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Church and SocietyThe Laurence J. McGinley Lectures, 1988-2007$
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Avery Cardinal Dulles

Print publication date: 2008

Print ISBN-13: 9780823228621

Published to Fordham Scholarship Online: March 2011

DOI: 10.5422/fso/9780823228621.001.0001

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Can Philosophy Be Christian?

Can Philosophy Be Christian?

The New State of the Question

April 7, 1999

Chapter:
(p.291) 21 Can Philosophy Be Christian?
Source:
Church and Society
Author(s):

Avery Cardinal Dulles

Publisher:
Fordham University Press
DOI:10.5422/fso/9780823228621.003.0021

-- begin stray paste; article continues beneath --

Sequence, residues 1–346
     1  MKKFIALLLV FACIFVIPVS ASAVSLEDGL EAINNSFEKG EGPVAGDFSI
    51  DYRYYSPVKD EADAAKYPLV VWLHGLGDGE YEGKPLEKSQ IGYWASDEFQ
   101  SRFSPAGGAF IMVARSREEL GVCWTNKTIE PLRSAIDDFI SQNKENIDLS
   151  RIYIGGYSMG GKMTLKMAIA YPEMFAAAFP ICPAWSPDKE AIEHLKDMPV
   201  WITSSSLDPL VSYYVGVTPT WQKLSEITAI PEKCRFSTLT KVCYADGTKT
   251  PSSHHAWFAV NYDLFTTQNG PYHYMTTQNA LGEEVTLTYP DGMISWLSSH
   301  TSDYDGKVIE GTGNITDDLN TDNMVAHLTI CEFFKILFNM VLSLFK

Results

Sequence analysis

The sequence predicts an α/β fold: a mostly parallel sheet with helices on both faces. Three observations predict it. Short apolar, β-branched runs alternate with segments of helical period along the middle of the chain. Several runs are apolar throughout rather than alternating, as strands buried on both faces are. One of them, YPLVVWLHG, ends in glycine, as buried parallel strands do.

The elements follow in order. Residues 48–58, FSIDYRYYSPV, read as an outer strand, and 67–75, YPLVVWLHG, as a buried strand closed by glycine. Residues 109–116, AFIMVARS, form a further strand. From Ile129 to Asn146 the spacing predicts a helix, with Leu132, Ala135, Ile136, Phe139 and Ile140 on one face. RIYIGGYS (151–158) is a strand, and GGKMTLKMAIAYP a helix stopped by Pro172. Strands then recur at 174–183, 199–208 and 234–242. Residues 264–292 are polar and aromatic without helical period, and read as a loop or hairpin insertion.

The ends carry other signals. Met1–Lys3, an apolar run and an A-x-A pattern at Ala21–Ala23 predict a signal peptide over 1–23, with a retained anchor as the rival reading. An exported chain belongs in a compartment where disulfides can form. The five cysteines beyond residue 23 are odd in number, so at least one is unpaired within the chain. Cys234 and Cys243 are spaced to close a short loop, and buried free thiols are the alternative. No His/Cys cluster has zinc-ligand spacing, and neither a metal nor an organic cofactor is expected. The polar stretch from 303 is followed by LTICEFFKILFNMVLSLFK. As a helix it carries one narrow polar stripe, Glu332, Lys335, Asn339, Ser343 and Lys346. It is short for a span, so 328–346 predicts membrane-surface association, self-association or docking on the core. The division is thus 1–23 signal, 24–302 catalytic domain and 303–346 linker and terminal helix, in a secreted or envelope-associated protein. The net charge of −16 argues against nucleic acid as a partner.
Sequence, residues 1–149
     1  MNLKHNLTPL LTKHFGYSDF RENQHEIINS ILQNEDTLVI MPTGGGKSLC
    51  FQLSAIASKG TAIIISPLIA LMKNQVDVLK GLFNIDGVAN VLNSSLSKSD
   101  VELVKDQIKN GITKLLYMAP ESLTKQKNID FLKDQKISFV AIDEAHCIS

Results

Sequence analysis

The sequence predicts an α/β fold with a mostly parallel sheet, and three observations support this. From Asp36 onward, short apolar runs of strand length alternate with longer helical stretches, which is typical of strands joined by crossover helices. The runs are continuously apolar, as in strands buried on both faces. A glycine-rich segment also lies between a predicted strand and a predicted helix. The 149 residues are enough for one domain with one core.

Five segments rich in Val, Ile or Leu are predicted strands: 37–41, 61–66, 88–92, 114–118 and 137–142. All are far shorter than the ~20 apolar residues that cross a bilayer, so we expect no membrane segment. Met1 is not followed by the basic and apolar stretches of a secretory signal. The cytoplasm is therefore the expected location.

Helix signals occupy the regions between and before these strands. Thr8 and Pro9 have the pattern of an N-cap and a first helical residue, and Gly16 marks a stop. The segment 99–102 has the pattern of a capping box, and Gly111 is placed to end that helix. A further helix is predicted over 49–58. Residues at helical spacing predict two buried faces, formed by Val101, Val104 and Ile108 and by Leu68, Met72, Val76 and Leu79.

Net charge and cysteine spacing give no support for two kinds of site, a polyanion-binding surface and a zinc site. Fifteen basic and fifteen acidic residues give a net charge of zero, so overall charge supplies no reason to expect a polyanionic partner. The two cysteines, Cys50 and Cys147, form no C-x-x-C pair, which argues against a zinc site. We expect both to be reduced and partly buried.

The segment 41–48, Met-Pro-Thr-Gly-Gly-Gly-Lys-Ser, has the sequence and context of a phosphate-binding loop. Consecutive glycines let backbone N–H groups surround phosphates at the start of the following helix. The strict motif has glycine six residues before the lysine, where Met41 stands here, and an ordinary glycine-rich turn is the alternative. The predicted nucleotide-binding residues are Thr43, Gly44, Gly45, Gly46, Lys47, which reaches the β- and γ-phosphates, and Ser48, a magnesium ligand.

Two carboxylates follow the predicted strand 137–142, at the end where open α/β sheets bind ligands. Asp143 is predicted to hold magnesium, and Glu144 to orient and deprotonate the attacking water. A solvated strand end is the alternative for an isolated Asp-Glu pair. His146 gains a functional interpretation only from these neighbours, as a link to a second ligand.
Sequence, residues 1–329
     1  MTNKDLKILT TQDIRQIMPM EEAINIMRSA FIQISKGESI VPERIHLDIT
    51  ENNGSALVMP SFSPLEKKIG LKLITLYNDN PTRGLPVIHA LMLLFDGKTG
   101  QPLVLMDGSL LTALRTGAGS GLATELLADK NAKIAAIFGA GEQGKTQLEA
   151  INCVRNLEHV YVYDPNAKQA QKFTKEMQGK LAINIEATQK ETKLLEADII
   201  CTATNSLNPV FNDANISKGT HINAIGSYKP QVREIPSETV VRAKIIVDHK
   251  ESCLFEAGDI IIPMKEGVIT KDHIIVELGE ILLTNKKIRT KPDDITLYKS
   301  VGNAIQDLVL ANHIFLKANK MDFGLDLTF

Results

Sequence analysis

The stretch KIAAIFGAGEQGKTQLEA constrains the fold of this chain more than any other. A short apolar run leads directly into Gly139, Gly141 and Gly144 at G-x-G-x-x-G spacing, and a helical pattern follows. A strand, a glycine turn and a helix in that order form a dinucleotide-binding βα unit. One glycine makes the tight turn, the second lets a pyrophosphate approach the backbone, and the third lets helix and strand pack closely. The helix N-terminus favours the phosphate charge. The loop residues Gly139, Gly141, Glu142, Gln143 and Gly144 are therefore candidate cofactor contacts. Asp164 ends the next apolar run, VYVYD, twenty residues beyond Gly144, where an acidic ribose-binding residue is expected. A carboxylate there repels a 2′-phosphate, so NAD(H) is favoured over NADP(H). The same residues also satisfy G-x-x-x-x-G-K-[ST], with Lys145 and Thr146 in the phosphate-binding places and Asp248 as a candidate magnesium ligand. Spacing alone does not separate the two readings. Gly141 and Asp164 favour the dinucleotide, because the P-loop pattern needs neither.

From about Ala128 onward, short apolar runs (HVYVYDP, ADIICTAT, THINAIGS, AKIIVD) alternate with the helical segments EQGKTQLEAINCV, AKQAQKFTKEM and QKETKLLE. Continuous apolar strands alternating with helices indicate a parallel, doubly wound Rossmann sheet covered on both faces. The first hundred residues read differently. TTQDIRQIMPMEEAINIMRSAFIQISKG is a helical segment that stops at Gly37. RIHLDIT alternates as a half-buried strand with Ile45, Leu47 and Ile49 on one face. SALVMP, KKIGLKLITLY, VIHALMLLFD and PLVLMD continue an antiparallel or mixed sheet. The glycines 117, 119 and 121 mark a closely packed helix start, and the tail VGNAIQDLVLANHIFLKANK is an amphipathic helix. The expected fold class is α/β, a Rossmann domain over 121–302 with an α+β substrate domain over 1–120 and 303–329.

This chapter examines the possibility of a Christian philosophy, distinguishing between the roles of faith and reason. Christian philosophers have reached no agreement about how philosophy is related to faith. The classical positions fall into three main types. According to the first school of thought, there is a Christian philosophy, and in fact the only true and adequate philosophy is Christian. The second classical position, from the neo-Thomists of the Louvain school, holds that philosophy must proceed rigorously by its own methods, without allowing itself to be influenced by faith. Between these two contrasting positions there are several mediating positions, which make the third category. Meanwhile, faith and reason, as described by John Paul II, are united like the two natures of Christ, which coexisted without confusion or alteration in a single person. Christian wisdom, similarly, involves a synthesis of theology and philosophy, each supporting and benefiting the other.

Keywords:   Christian philosophy, faith, reason, Christian wisdom, neo-Thomists

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